|The First Art Newspaper on the Net
||Established in 1996
|| Wednesday, July 27, 2016
|Roman wreck full of wine jars found off Albania by U.S.-Albanian archaeological mission|
View made available Monday Aug 22 2011 of the amphora found by an US-Albanian underwater expedition which believes they have found a 1st century B.C. Roman shipwreck off the southwestern Albanian coast allegedly involved in the wine transport in the ancient times. The underwater survey headed by the Key West, Fla.-based RPM Nautical Foundation found the 'well-preserved' 30-meter (yard) tall ship and some 300 Lambolie 2-type amphora close to the Sazan Island off the Karaburun Peninsula and the Vlora city, 87 miles (140 kilometers) southwest of capital Tirana. AP Photo.
By: Llazar Semini, Associated Press
TIRANA (AP).- A U.S.-Albanian archaeological mission said Monday it has found the well-preserved wreck of a Roman cargo ship off Albania's coast, complete with some 300 wine jars all empty, alas.
The 30-meter long (yard) wreck dates to the 1st century B.C. and its cargo is believed to have been the produce of southern Albanian vineyards en route to western European markets, including France.
A statement from the Key West, Florida-based RPM Nautical Foundation said the find was made 50 meters (yards) deep near the port city of Vlora, 90 miles (140 kilometers) southwest of the capital, Tirana, early this month.
The foundation, in cooperation with Albanian archaeologists, has been surveying a swathe of Albania's previously unexplored coastal waters for the past five years. So far, experts have located 20 shipwrecks including several relatively modern ones.
"Taking into consideration the date and also the depth which is well suited for excavation I would include it among the top 10 most scientifically interesting wrecks found in the Mediterranean," said Albanian archaeologist Adrian Anastasi, who participated in the project.
Officials said most of the jars, known by their Greek name of amphoras and used to transport wine and oil, were unbroken despite the shipwreck. However, the stoppers used to seal them had gone, allowing their contents to leak out into the saltwater.
Mission leader George Robb said the ship could have been part of a flourishing trade in local wine.
"Ancient Illyria, which includes present day Albania, was a major source of supply for the western Mediterranean, including present day France and Spain,' Robb said.
Team members retrieved one amphora for examination, before restoring it to the wreck. The site, whose precise location is being kept secret, will be left unexplored until the Albanian archaeological service is in a position to do so.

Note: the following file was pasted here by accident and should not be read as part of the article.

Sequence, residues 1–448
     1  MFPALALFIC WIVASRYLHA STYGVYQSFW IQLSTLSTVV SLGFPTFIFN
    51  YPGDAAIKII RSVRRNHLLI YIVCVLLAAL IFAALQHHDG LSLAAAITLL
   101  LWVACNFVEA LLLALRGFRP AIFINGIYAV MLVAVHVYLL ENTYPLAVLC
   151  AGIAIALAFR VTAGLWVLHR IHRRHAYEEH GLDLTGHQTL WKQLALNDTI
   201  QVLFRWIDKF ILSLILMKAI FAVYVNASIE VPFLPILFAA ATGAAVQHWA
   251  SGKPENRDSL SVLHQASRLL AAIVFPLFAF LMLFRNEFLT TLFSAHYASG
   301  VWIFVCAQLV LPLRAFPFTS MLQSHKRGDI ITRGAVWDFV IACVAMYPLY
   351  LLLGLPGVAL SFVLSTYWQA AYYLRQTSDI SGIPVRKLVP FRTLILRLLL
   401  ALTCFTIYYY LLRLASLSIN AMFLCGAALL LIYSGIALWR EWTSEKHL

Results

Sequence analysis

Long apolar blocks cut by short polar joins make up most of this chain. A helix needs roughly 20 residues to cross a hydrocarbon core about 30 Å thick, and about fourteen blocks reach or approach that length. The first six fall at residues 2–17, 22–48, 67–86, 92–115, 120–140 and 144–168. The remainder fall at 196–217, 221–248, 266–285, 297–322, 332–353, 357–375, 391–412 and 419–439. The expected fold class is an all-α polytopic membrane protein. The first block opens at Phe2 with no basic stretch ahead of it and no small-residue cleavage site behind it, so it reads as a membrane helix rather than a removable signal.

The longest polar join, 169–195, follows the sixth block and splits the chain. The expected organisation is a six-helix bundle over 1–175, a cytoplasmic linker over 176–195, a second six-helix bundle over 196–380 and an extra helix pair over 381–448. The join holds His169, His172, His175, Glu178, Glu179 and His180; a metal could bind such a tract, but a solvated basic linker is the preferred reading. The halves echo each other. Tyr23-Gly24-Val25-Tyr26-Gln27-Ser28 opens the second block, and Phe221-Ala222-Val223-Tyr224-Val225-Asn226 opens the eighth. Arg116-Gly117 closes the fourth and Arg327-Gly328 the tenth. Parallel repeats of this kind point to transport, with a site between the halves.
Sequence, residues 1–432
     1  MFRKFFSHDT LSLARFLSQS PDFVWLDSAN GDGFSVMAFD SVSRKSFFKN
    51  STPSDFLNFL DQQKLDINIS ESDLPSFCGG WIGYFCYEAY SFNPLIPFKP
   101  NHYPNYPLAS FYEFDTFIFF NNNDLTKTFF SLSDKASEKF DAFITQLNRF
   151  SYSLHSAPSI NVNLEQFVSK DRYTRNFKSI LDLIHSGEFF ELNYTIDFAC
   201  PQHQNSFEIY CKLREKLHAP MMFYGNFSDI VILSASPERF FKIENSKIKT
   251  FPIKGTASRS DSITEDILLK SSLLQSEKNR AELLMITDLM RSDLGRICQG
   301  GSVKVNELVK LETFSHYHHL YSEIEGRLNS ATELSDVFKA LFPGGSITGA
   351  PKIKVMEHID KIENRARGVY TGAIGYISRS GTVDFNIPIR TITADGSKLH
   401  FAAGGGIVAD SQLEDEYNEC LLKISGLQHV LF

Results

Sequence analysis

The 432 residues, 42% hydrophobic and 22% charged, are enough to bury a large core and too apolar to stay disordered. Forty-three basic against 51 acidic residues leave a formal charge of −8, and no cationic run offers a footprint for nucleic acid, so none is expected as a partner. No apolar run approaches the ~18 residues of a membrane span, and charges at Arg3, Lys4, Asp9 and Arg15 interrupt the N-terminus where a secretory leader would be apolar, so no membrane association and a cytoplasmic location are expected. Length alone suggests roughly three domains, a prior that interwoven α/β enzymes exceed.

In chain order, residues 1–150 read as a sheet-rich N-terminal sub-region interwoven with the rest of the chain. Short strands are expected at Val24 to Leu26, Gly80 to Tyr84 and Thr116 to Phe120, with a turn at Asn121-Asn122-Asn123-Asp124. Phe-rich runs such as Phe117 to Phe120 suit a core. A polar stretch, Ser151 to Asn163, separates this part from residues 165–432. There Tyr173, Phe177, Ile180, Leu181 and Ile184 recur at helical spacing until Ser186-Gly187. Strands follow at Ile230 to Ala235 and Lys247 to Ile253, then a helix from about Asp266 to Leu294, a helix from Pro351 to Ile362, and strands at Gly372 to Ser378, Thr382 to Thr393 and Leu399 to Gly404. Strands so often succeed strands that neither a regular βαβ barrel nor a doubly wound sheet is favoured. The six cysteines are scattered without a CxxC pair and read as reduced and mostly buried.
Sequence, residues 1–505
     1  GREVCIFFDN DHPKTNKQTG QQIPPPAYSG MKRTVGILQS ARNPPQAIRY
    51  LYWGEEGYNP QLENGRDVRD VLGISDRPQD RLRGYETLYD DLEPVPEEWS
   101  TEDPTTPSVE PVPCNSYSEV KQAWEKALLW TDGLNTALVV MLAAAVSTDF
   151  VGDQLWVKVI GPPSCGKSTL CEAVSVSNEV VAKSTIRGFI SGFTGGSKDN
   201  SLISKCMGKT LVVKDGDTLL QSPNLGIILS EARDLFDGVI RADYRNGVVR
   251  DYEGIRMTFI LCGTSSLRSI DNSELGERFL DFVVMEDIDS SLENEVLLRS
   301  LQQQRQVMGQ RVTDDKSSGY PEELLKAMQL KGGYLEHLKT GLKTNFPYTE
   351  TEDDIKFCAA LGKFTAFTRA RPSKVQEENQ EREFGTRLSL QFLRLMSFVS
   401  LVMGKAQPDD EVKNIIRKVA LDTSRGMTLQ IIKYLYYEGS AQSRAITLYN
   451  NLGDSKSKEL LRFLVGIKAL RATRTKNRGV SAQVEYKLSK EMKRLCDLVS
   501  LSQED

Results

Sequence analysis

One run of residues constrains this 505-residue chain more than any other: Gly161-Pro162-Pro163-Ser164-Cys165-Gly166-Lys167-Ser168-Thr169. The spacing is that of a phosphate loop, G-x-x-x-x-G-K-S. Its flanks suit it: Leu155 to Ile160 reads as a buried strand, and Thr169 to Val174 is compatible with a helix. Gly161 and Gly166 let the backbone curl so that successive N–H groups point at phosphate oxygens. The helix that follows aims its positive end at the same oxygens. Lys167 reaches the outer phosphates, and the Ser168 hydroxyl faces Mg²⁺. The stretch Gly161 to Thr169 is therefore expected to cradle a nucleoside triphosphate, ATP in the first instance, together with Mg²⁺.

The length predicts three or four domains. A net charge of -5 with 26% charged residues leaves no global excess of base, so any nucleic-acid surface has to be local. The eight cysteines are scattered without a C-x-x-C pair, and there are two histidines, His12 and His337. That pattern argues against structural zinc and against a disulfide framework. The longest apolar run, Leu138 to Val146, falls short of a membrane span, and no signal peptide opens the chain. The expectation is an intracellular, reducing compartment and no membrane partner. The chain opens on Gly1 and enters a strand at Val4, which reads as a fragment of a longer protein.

The monthlong mission ended last week and will be resumed next year. According to Albanian coordinator Auron Tare, it will eventually cover the whole Albanian coastline.
"These five years have shown how rich the Albanian underwater coastline is, and how interesting it could be for international tourists," he said.
Copyright 2011 The Associated Press.
August 23, 2011
Martin Luther King Memorial by Chinese sculptor Lei Yixin unveiled on National Mall
New book offers a guided tour of landmark American modernist Miller House
The fantastic museum of Karsten Klingbeil to be offered at auction in Brussels and Munich
Travel, circus, magic & wild west posters to be offered at Poster Auctions International
Roman wreck full of wine jars found off Albania by U.S.-Albanian archaeological mission
Diana Thater's Peonies, a nine-monitor videowall, on view at the Wexner Center
Solid sales and crowds at 3rd annual Western edition of the Sculpture Objects & Functional Art Fair
Temporary art commissions launched in celebration of new Auckland Art Gallery
Bonham's sale shines with automobilia-themed highlights during Pebble Beach car week
The Austrian Cultural Forum New York presents exhibition by five emerging Austrian artists
Israel Museum welcomes one millionth visitor since inauguration of renewed campus
Exhibition at Yale School of Architecture Gallery examines work of architect Stanley Tigerman
Frank Frazetta's 1966 masterpiece Tomorrow Midnight headlines sale at Heritage Auctions
Wendy Red Star: My Home is Where My Tipi Sits (Crow Country)
Sydney's over 55 year olds unveil special photography showcase
Samuel Colt's first revolver, the Texas or Holster Model Paterson, may bring $700,000+
National Museum Wales acquires Christopher Wood's The Rug Seller, Tréboul for Welsh public collection
Flight museum moving inland to Houston
Museum tells story of Japanese-American detainees
Most Popular Last Seven Days
1.- 100 nude women pose in Cleveland, reflecting on Trump
2.- West Kowloon Cultural District Authority appoints M+ Executive Director
3.- Hieronymus Bosch, Touched by the Devil: Movie has US premiere at Film Forum
4.- Masterpieces replaced by fakes in six national galleries in treasure hunt
5.- On the Verge of Insanity: Van Gogh 'suicide gun' on display in Amsterdam
6.- Getty Museum opens exhibition of illuminated manuscripts
7.- Two rolls of early Kodak film acquired by the George Eastman Museum
8.- Dark secrets of the man who opened architecture to the light
9.- Chinese artist Ai Weiwei's refugee life jackets in Vienna palace pond
10.- Gallery 19C brings together two views of Venice by Jean-Baptiste-Camille Corot
Museums, Exhibits, Artists, Milestones, Digital Art, Architecture, Photography,
Photographers, Special Photos, Special Reports, Featured Stories, Auctions, Art Fairs,
Anecdotes, Art Quiz, Education, Mythology, 3D Images, Last Week, .
|Royalville Communications, Inc|
Tell a Friend
Dear User, please complete the form below in order to recommend the Artdaily newsletter to someone you know.
Please complete all fields marked *.